And here are some other fun ones I've come across that I've encountered recently and enjoyed. 

The Head and the Heart- Lost in My Mind. Thanks Raf

Chromeo- Night By Night (NEUS Remix) Thanks Lauren

Fun. Tthe PParty Thanks Raf.

 Super old school ... Tennessee Ernie Ford. Sixteen tons.

Thursday, March 15, 2012

It's the beat generation, it's be-at, it's the beat to keep

Now it’s jazz, the place is roaring, all beautiful girls in there, one mad brunette at the bar drunk with her boys. One strange chick I remember from somewhere, wearing a simple skirt with pockets, her hands in there, short haircut, slouched, talking to everybody. Up and down the stairs they come. The bartenders are the regular band of Jack, and the heavenly drummer who looks up in the sky with blue eyes, with a beard, is wailing beer-caps of bottles and jamming on the cash register and everything is going to the beat. It’s the beat generation, it’s be-at, it’s the beat to keep, it’s the beat of the heart, it’s being beat and down in the world and like oldtime lowdown and like in ancient civilizations the slave boatmen rowing galleys to a beat and servants spinning pottery to a beat ...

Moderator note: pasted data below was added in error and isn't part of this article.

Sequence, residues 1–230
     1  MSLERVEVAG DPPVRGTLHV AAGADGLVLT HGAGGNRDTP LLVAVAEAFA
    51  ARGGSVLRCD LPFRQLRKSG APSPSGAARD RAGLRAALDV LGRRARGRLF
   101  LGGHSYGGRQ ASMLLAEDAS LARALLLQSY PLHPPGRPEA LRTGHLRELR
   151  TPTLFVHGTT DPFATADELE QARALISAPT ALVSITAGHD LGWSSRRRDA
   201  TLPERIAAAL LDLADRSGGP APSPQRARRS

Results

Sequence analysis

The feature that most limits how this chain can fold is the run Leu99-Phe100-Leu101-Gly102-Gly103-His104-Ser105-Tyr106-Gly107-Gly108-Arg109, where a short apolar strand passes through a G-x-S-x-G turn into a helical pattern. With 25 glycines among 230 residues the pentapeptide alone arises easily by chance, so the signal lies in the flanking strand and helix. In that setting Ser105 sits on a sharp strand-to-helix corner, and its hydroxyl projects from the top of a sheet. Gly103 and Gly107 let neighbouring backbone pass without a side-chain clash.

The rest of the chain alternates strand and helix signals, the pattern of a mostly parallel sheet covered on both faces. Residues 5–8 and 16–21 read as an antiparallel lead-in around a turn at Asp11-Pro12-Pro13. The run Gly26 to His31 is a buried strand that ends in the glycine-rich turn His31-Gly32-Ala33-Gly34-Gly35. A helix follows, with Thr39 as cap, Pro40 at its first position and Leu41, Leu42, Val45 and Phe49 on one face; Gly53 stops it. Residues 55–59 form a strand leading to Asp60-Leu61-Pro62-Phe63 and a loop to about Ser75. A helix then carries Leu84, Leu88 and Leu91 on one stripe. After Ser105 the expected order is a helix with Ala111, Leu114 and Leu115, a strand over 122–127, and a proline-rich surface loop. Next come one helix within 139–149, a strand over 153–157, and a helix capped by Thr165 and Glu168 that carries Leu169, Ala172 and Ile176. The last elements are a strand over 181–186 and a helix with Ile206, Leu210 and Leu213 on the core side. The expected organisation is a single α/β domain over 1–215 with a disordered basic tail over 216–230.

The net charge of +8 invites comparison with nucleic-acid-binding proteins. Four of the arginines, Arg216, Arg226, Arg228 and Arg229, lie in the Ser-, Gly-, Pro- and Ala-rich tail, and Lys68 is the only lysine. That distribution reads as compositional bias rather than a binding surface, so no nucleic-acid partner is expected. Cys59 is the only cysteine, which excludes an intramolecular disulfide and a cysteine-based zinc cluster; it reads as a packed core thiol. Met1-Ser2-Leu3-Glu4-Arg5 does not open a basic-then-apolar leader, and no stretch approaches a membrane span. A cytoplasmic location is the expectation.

-Jack Kerouac (1959)

"San Francisco Scene" read by Jack Kerouac

Free your mind and your ass will follow...

Tuesday, March 13, 2012

They drink coffee like it's fine wine, wine like it's water

Here is a catchy tune by Chadwick Stokes, active humanitarian and member of the bands Dispatch and State Radio. Stokes is not only a talented musician, but also a beloved Zimbabwean activist. Co-founding the non-profit Calling all Crows in 2008, Stokes has dedicated himself while on tour, and through his own traveling, to improving the lives of women worldwide.